Expert Advice on How the Transfer Process Works

How the transfer process works


Making your home at a new college or university can be an intimidating task. Dozens of questions about the transfer process fill your mind, and you’re not exactly sure what to do. Not to fear: expert advice is here to help. Kelly Frank, associate director of admission and transfer counselor at the University of Dayton in Dayton, Ohio, answers the questions you have.

Q. What are the general steps involved in the transfer process?

A. To be considered for admission, students should first send in their transfer applications. Second, they should have their high school and college transcripts sent to the college to which they’re applying. Once they’ve completed those steps, an evaluation of previous credit, along with the admission decision, is made and provided to them.

Q. How early should transfer students begin the process of applying to their school of choice?

A. If students wish to attend classes during the winter semester, they should begin the application process in October. To begin in the fall semester, they should start the process in January.

Q. Typically, how does a student’s GPA transfer to a new university?

A. Grade point average does not transfer. Students must begin their academic careers with a 0.0 GPA.

Q. What are some resources students can use to determine which of their credits will transfer?

A. Sending in a transcript for review by the appropriate department faculty members or admissions advisors is the fastest way to get the answers. Course check sheets, often available in each dean’s office, are helpful resources. Students should visit their university’s Web site for information on credit transfer. 

Q. What are some common mistakes you see transfer students make during their transition? How can these be avoided?

A. Applying too late, missing deadlines, and sending transcripts to the wrong office are common mistakes. Students can avoid these pitfalls by contacting the transfer admissions representative at their university to obtain deadline information and proper application guidelines.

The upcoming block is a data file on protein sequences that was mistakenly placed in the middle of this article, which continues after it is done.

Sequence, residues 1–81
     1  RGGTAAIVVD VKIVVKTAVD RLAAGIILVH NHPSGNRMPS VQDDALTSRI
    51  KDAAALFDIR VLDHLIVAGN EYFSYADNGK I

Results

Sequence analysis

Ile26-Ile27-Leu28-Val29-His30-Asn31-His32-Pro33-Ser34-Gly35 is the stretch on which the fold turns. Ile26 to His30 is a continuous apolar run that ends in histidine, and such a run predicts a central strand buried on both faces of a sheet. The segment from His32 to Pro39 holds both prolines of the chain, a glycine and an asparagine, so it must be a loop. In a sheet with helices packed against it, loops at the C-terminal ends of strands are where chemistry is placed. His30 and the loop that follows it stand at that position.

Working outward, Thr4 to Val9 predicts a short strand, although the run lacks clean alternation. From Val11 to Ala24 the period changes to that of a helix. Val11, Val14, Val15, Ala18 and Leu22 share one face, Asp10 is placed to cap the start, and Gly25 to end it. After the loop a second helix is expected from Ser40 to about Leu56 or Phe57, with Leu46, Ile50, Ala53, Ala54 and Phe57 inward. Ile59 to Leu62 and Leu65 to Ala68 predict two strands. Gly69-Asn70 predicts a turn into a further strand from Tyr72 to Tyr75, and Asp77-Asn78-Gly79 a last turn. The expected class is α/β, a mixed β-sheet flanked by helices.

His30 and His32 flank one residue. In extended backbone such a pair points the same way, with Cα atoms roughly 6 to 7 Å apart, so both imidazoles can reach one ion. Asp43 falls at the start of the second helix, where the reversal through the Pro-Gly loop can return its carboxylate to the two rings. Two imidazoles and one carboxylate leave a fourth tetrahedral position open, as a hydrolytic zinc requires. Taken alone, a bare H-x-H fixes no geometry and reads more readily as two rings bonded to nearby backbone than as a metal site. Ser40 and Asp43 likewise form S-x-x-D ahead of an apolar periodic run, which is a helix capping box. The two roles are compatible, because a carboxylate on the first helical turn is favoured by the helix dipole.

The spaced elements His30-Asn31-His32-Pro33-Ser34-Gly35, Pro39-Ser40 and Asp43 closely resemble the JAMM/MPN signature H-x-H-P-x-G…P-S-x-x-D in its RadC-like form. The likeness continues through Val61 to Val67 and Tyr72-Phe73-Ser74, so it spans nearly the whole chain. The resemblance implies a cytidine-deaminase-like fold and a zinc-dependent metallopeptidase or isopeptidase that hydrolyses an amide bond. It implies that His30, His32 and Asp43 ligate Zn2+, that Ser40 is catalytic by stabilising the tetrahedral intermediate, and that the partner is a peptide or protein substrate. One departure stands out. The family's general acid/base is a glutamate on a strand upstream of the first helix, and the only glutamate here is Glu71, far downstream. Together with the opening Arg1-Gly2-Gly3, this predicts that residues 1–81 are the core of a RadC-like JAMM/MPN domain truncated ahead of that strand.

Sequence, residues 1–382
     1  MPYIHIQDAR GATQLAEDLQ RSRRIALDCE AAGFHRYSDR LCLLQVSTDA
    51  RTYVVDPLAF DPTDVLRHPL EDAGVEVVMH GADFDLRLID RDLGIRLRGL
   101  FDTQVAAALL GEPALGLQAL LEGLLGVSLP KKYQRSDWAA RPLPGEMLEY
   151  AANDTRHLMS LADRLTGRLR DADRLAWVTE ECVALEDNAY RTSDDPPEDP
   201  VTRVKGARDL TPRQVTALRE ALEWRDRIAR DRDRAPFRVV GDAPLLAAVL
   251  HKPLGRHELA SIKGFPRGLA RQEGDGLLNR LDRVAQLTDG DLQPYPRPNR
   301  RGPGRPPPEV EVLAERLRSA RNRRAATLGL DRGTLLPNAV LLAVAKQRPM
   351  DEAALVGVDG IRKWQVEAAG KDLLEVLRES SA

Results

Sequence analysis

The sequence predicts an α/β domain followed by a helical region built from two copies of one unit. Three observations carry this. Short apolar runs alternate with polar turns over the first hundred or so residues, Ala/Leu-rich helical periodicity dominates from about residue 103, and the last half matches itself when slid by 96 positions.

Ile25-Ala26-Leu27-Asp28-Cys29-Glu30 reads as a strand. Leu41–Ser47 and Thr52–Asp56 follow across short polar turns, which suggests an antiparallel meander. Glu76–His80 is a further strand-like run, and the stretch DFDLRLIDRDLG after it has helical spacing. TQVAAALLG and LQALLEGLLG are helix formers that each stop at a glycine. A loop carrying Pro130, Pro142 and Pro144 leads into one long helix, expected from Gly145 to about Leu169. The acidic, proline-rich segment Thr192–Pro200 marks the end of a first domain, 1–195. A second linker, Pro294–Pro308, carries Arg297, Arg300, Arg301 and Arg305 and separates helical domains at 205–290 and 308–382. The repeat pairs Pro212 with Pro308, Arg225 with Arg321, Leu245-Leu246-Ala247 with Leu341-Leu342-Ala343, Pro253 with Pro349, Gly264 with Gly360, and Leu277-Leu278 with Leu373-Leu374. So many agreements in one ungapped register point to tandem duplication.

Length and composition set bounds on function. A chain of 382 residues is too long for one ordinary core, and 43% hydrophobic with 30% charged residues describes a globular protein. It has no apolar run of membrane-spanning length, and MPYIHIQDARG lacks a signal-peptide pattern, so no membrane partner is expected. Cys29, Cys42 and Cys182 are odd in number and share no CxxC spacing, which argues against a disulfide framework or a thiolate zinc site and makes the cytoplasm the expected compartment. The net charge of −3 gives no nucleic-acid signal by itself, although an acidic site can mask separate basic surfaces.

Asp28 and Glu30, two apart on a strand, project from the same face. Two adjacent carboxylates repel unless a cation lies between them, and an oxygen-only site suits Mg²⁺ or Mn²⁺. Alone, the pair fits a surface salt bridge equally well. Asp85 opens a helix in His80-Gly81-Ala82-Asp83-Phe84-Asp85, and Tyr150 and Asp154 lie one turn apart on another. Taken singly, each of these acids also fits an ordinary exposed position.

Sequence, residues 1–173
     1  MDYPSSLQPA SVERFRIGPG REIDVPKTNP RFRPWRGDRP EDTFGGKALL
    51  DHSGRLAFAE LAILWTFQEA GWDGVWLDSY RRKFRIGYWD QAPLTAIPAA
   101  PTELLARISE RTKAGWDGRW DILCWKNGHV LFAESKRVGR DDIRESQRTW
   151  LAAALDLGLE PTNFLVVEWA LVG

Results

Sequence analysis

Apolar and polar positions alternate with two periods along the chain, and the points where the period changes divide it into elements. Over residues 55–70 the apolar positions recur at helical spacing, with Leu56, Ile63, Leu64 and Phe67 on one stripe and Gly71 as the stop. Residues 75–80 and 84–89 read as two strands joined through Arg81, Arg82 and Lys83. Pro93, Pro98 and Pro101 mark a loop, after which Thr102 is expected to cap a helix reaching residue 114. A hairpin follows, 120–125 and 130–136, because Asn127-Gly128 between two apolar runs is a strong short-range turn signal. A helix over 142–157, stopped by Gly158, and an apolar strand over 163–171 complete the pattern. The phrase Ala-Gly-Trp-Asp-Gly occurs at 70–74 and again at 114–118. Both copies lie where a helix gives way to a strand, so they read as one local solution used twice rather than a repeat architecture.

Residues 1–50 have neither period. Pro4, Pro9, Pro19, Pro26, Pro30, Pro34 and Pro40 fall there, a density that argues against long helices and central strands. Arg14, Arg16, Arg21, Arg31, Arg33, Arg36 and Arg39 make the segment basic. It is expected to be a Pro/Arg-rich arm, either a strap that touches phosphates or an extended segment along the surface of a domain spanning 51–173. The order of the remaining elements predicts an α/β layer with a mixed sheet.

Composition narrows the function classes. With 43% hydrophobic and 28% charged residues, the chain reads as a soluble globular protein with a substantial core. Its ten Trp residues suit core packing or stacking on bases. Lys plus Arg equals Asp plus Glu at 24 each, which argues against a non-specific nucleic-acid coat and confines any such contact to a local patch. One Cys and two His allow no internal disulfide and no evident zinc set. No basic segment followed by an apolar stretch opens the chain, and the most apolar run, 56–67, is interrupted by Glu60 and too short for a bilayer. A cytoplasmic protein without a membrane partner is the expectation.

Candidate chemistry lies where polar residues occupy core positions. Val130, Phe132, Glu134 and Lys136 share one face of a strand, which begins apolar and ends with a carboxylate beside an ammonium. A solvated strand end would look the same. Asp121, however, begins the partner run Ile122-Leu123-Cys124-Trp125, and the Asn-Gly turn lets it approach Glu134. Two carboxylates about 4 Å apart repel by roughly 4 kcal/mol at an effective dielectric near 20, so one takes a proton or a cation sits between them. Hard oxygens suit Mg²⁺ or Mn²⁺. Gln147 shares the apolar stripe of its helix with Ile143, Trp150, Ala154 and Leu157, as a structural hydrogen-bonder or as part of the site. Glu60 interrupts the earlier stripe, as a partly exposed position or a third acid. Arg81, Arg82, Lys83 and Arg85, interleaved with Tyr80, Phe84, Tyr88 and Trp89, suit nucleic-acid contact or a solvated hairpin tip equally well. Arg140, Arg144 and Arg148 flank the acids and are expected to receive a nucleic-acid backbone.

Take the Credit

Meeting with your academic counselors or advisors at the new university you’ll attend is a crucial step in the transfer process. Perhaps the most important subject you’ll discuss is credit transfer. Follow these guidelines to save time and to be sure the course credit you’ve earned will carry over to your new institution.

  • Get in touch with the transfer student advisor to find out what types of course credits will transfer. If possible, ask the appropriate authority at the university to preapprove courses you plan to take for credit transfer.
  • Contact the school you’ll attend to find out what its transfer policy is. Some schools will accept only credits for classes similar to those they offer. Others set a limit to the number of transfer credit hours they’ll allow.
  • Generally, universities require that you obtain at least a C in a class in order for the credit hours to transfer. Grade policies differ among institutions, so be sure to ask.
  • Research whether your community college has an articulation agreement or a collaborative agreement with the university you’d like to attend. Articulation agreements outline specific courses a university will accept from a two-year institution and guarantee admission once the two-year curriculum has been completed. Collaborative agreements may not guarantee admission but will designate courses the school will accept as transfer of credit.

ABOUT THE AUTHOR

This article was written by Hannah Purnell

Hannah Purnell is a staff writer for CollegeView.com. Hannah writes extensively on the topic of undergraduate studies and the college search process.

9 Comments

  1. Karen

    Hi. I had a question on how many colleges you can apply to as a transfer student? I am considering two colleges.

    Thank You.

  2. Linda

    I have an associates in Paralegal as of 2003. Im wondering is there a certain time limit that I would be able to transfer over my credits or has that time expired. I heard after 10 yrs your unable to transfer over credits?

  3. Christine

    Hi, I wanted to know if colleges will look at the specific courses you took as in the degree of difficulty. Do they want to see that you’re taking all the hard classes?

  4. Paul

    I am looking to transfer out of Wagner College in Staten Ilsand. I was lied to about a athletic scholarship for football and other small details. I am currently looking now to transfer closter to home and because of these obstacles my academics has suffered the first semester. Now, I am transfering out the first semester and was already accepted at multiple colleges only having to pay between 5-7 thousand a year. Now will my first semester grades come back to affect this?

  5. Kavon

    Can you transfer before your second semester of your Freshman year or do you have to wait untill the end of the year.

    Thankyou.

  6. Natalie

    I finished my first semester at college, and decided to withdraw, a week into the second. I missed out on the Spring semester at other schools and am not sure what to do. I know I am considered a transfer student, but am still confused. Do I still send my SAT and high school transcript?…

  7. Emalee

    I’m a junior in college and am looking to transfer, do I still need to get my high school transcript? And for how long do they have that on file?

  8. Denise J Hoopes

    How do I get my transcripts transferred to N.C.???

  9. s.thomas

    how do u transfer what is deadline what financial ain n schlorships can u get

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